William Cotter Maybury Monument

East side of Grand Circus Park near the intersection of
Woodward and East Adams in downtown Detroit

Detroit is a city of monuments—some of them elegant representing the ken of the greatest sculptors, including Rodin's The Thinker at the Detroit Institute of Art and Calder whose Jeune Fille et Sa Suite is at Michigan and Cass. Others are more humble, such as the modest one at 12th and Clairemont memorializing the starting point of the 1967 riot. Detroit's wealth of public sculpture continues to increase with the unveiling of the new Cadillac and Underground Railroad sculptors in Hart Plaza in 2001 and, in 2003, the new memorial to the city's labor movement will be completed.

William Cotter Maybury was born in Detroit in 1848, graduated from the University of Michigan in 1870 and obtained his certificate from that University's law program the next year. He served as city attorney from 1876 to 1880 and then was elected to represent Detroit in Congress where he served two terms from 1883 to 1887. He did not run for reelection; returned to Detroit to practice law. He served as the city's 45th mayor, holding that office from 1897 to 1905 and then died in 1909.

Adolph Alexander Weinman, who was born in Germany in 1870 and came to the US a decade later, executed this classical statue. He studied with two of that era's most prominent sculptors: Daniel Chester French who crafted the nearby beautiful personification of the State of Michigan in Russell Alger Memorial Fountain and Augustus Saint Gaudens. Weinman presents us with a thoughtful but relaxed Mayor Maybury. Behind him is an idealized presentation of the family done in the classical Greek style. Note that the Greek style was used for many of the nation's prominent government buildings early in the 19th century thanks, in large part, to Thomas Jefferson's advocacy. The Greek style emerged in sculpture toward the end of that century as represented in this piece. There is one other Weinman statue in Detroit—the nearby state of General Macomb—a hero of the War of 1812—at the intersection of Washington Boulevard and Michigan.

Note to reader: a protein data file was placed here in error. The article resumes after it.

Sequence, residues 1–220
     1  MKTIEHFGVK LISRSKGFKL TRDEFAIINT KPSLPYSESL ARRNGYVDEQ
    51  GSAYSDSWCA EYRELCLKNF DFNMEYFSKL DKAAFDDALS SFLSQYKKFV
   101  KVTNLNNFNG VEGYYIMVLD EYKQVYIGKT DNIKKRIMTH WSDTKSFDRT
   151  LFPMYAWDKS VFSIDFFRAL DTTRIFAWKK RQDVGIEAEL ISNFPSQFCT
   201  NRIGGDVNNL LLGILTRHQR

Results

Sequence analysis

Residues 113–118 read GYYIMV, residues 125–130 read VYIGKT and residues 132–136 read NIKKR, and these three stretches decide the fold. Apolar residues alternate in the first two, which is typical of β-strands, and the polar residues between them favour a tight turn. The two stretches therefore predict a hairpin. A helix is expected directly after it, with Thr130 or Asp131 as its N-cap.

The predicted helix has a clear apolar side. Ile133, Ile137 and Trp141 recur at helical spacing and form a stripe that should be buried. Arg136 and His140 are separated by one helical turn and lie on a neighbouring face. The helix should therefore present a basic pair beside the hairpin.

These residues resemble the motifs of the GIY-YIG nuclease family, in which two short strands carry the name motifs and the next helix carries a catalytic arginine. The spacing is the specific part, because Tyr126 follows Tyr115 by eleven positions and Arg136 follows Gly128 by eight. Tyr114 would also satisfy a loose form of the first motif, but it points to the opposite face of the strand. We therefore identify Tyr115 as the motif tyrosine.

Date of Unveiling: 1912
Sculptor: Adolph Alexander Weinman
Materials: Bronze was used for the statue of Mayor Maybury. The relief behind him is in marble. I believe that the base is granite.

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